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Understanding FDIC Insurance to Keep Your Cash and CDs Secure

Money invested in savings accounts, checking accounts and certificates of deposit (CDs) represents the safe portion of your portfolio.  This money is commonly used for short to medium term expenses, 5 to 7 years or less, and emergencies.  Safety takes priority over the rate of return on this part of your portfolio.  Keep your principal secure by placing with an FDIC insured institution.

Federal Deposit Insurance Corporation (FDIC) insurance provides consumers with confidence to keep their money in FDIC insured banks and it is backed by the full faith and credit of the United States Government.  To be covered by FDIC insurance you must place your money in a product that is covered by the FDIC in a bank that is insured by the FDIC.  FDIC deposit insurance covers checking, savings, money market and Negotiable Order of Withdrawal (NOW) accounts as well as CD’s, cashier’s checks and money orders.  It does not cover stocks, bonds, mutual funds, life insurance, annuities, municipal securities, U.S. Treasury bills, bond and notes or the contents of safe deposit boxes.

The FDIC is an independent agency of the United States that was established on June 16, 1933 when President Franklin D. Roosevelt signed the Banking Act of 1933 (Glass-Steagall Act).   According to the FDIC, the agency was created to raise the public’s confidence in the banking system by alleviating the disruptions caused by bank failures.  Between 1930 and 1933 depositors lost about $1.3 billion – around $24.5 billion in today’s dollars due to bank failures.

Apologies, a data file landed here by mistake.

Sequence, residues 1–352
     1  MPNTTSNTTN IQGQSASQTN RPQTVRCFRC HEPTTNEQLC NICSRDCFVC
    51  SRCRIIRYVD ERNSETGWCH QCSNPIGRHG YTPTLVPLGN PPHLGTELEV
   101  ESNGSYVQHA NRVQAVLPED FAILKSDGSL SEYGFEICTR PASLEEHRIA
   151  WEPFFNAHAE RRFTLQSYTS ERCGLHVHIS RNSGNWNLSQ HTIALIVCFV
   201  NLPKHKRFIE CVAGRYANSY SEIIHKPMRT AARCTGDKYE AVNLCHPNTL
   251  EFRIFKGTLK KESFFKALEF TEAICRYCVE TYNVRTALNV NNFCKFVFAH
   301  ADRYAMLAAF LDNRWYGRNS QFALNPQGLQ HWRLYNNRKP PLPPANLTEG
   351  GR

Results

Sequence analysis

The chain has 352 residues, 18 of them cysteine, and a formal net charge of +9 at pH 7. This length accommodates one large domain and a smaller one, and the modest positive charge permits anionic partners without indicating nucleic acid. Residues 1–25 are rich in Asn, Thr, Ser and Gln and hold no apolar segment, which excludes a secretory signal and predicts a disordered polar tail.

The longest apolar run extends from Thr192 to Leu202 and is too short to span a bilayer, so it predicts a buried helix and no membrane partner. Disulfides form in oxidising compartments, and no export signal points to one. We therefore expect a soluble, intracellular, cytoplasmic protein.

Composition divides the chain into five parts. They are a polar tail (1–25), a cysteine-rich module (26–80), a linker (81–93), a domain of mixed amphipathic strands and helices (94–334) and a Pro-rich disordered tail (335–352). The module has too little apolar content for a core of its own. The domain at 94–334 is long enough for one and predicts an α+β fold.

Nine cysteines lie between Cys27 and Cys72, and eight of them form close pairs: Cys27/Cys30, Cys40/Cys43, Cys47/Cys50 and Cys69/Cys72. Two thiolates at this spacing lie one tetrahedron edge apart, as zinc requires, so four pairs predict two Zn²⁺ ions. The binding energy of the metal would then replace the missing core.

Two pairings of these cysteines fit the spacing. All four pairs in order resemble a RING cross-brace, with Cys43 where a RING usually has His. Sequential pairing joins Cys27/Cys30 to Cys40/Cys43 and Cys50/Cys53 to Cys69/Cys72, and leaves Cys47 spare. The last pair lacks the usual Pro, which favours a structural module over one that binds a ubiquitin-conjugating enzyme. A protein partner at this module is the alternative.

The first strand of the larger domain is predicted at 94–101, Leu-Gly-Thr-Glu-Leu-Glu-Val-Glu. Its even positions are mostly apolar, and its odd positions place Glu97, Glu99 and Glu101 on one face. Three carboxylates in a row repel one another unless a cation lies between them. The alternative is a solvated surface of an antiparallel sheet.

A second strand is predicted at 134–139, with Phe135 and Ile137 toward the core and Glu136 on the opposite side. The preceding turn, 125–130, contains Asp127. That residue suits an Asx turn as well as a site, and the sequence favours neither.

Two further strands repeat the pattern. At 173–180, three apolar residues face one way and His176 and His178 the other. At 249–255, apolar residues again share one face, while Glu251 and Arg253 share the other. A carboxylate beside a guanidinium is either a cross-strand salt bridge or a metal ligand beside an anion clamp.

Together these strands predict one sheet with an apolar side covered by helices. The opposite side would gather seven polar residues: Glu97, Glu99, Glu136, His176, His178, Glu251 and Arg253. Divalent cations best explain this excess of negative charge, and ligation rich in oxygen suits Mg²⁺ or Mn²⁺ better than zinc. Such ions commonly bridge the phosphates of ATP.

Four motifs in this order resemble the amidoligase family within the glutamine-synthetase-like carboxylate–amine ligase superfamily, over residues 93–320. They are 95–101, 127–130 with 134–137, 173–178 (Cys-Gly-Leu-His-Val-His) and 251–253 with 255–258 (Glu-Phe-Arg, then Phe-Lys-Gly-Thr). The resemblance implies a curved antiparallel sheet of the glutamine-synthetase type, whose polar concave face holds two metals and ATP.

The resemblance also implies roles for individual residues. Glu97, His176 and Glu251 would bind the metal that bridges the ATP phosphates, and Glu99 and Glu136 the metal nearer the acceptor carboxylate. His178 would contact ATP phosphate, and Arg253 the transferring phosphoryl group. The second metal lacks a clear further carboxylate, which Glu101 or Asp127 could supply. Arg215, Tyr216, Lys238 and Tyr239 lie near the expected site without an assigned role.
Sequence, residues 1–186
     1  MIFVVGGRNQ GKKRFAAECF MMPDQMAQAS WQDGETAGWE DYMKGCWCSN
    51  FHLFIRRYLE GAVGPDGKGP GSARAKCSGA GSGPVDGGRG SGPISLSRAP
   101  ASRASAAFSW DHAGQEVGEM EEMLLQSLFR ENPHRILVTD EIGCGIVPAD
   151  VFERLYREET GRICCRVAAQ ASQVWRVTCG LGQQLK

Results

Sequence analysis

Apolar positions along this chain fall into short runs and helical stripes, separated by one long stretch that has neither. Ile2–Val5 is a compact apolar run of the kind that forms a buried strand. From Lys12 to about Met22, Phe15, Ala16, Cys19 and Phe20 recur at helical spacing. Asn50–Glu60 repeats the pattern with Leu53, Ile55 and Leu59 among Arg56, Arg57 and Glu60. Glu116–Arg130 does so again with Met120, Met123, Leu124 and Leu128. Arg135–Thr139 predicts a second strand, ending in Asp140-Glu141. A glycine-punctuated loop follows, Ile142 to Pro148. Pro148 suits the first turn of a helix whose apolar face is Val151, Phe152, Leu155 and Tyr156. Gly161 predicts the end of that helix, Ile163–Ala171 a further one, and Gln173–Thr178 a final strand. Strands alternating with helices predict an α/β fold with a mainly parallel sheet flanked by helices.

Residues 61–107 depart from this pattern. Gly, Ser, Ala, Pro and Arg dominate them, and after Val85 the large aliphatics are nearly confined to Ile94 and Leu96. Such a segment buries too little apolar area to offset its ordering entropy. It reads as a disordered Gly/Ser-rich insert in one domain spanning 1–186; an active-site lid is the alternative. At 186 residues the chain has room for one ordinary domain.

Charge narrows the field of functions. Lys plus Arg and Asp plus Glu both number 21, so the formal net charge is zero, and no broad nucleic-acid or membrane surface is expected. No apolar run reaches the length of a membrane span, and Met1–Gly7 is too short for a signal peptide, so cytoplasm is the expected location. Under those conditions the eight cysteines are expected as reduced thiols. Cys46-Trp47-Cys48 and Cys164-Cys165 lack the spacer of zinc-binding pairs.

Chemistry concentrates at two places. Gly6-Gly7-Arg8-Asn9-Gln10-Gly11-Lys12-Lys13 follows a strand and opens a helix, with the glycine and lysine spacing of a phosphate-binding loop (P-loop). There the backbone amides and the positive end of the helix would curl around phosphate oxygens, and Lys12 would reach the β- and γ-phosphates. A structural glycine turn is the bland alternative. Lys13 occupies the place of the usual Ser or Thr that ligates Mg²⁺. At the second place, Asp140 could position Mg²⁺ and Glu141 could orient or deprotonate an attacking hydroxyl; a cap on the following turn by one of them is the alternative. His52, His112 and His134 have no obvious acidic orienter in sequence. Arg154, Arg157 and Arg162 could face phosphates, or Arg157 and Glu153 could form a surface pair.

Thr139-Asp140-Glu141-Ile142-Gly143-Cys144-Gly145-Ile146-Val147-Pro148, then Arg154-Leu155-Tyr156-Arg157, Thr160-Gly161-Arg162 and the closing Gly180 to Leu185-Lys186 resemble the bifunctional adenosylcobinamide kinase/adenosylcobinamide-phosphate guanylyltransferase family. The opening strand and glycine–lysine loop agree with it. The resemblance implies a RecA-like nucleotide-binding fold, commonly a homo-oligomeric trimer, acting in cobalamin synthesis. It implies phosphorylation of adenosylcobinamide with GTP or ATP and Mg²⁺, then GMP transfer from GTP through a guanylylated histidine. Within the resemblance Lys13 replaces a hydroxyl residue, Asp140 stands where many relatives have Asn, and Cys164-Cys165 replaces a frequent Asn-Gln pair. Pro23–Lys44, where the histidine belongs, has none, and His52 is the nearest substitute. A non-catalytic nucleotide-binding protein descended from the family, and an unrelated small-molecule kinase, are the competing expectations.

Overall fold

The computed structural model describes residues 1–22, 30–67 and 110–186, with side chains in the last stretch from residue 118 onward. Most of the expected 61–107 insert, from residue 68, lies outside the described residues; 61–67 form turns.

To determine if your bank is insured by the FDIC you can look for the FDIC sign or ask your bank representative.  To verify that a bank is FDIC insured call the FDIC at 877-275-3342 or use the FDIC’s online BankFind tool at www.fdic.gov/bankfind/.  If you see an offer for a CD that is paying an unusually high interest rate, verify that that the bank is FDIC insured before handing over your money.

FDIC insurance is automatic when you open a deposit account at an FDIC insured bank.  The standard insurance amount for FDIC insurance is $250,000 per depositor, per insured bank, for each ownership category.  Some typical ownership categories include the following account types; individual, joint, certain retirement accounts (including IRAs), Revocable and Irrevocable Trusts, Corporate and partnership accounts, employee benefit plan and government accounts.  For example, if you have an individual account, an IRA account and a revocable trust account, the FDIC can insure up to $250,000 in each account for a total of $750,000.  Individual accounts are insured up to $250,000 but in joint accounts each co-owner receives $250,000 in insurance for each account.

If a bank fails, the FDIC pays insurance to the depositors up to the insurance limit.   Historically the FDIC pays insurance within a few days of the bank closure.  No depositor has lost money insured by the FDIC since the agency was formed in 1933.